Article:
Herman Greene – Moral Mondays in North Carolina
For the last nine Mondays, the NAACP of North Carolina has led “Moral Monday” protests at the North Carolina legislative building. At first small, the rallies have grown to over 2,000 people per gathering. Further, over 600 people have been arrested for civil disobedience. I have been present as a protester at six of these events, though I have not been arrested.
In North Carolina, as in many other states, Republicans now control both houses of the legislature and we have a Republican governor. The legislatures changed to Republican control in the 2010 election and a Republican governor was elected in 2012. With majorities in both chambers and no threat of a veto, Republicans have set out to change the direction of the state. Their goals are to make the state more competitive, create jobs, grow the economy, lower taxes, shrink government, and address moral issues, including abortion, state dependence, and laziness.
North Carolina has a reputation for being a progressive Southern state. Rob Christensen, a reporter for the Raleigh News & Observer, wrote a long article on how “progressive reforms” of the last 50 years are being rolled back, including many passed with the support of Republicans. Here are some of the actions that have been taken or are proposed:
- In 1951 state unemployment benefits were extended from 20 to 26 weeks. Effective July 1 this was reduced to 12-20 weeks (depending on the unemployment rate), maximum benefits were reduced from $530 per week to $350 per week (the average benefit before the cut was $298.50 per week), and 170,000 unemployed workers whose state unemployment benefits have or will expire this year will be denied federal emergency unemployment benefits totaling $700 million.
- The Child Fatality Task Force, created by the legislature under Republican Gov. Jim Martin in 1991 and aimed at reducing infant and child deaths, is on the chopping block.
- Measures to provide partial public financing for judicial races, treasurer, insurance commissioner and superintendent of public instruction are being terminated.
- Incentive pay for teachers who earn Master’s degrees is ending. Teacher pay in North Carolina is 48th (on the low end) in the nation.
- The racial justice act that permitted death row inmates to appeal their sentences on the basis of racial jury bias was repealed.
- A law requiring teachers beginning in the 7th grade to teach that abortion is a risk factor for later premature births was passed. On July 2nd, the NC Senate passed a law requiring abortion clinics to meet standards of same-day surgery centers and have a doctor present for all procedures even giving pills to end early-term pregnancies. The legislation if passed will potentially close 35 of 36 abortion clinics in North Carolina.
- Medicaid expansion that would cover 500,000 low income North Carolinians was rejected. (An article in July 2nd’s News & Observer stated that as a result of actions by North Carolina and other states, such as Florida and Texas, two out of three uninsured low-income people nationally who would qualify for subsidized coverage under the Affordable Health Care act will not be covered.)
- The NC Senate is considering a bill that would require voter IDs, end early voting and require college students to vote in their home districts.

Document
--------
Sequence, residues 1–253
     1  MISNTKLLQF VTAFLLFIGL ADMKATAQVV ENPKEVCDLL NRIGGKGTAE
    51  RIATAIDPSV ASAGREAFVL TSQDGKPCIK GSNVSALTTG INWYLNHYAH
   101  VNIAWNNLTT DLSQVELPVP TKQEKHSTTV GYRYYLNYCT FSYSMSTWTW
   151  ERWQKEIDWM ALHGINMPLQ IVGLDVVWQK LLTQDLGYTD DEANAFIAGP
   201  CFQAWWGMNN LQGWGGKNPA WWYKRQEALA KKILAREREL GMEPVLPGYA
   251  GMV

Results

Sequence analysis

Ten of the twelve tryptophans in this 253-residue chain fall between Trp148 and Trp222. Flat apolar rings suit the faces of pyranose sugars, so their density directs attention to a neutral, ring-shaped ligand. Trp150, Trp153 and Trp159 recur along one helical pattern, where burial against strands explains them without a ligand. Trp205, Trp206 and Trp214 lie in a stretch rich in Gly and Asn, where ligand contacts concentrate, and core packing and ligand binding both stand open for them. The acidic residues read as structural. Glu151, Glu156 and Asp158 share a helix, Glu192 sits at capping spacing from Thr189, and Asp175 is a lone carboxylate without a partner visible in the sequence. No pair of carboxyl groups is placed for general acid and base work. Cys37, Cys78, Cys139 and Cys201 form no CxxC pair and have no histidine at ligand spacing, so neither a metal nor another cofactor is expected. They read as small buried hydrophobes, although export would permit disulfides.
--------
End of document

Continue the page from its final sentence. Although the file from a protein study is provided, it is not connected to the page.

- A law preventing the state from having environmental laws that are more strict than federal laws was passed. Standards for land-fills have been loosened.
- A proposal is pending to grant vouchers for private schools. Charter schools will be allowed to expand without obtaining State Board of Education approval.
- Tax reform that will eliminate the low income tax credit, raise taxes on lower and middle income groups, reduce taxes on the wealthy, and eliminate taxes on corporations is under consideration.
- A law requiring illegal immigrants to obtain a state-issued ID showing their immigration status and allowing immigration status checks when a person is stopped for any infraction has been proposed.
Many of the actions being taken in North Carolina are part of a national effort by conservatives to change state laws. The American Legislative Council (ALEC), www.alec.org, is a source of many of the legislative proposals. For ALEC environmental regulation is a train wreck, and most of the achievements in cleaner air and water have come from technology and business. The regulation has, according to ALEC, only hurt people and economies.
The Moral Mondays come out of the Southern civil rights history. A chant at the rallies is “One step forward, not one step back.” These reforms were hard won. Some attention is given at Moral Mondays to the roll-back of environmental measures, but mostly to the plight of the poor and middle class.
Some conservative legislators call these protests “Moron Mondays” caused by outsiders. They believe their “reforms” will make things better.
I believe as time goes on conditions will become more and more difficult for the middle class and poor. Environmentalists will increasingly work with social activists. The climate deniers are also the ones who purportedly call for a smaller state (while increasing security expenses and corporate welfare). Those who lay waste to the land also oppress the poor . . . “for their own good.”
This video will give you a feel for Moral Mondays: http://www.youtube.com/watch?feature=player_detailpage&v=GoVK0xyTcQY . As Reverend Barber says, it’s not that the legislature is Republican, it is what they are doing.
May a thousand Moral Mondays bloom. I’ll be back next week.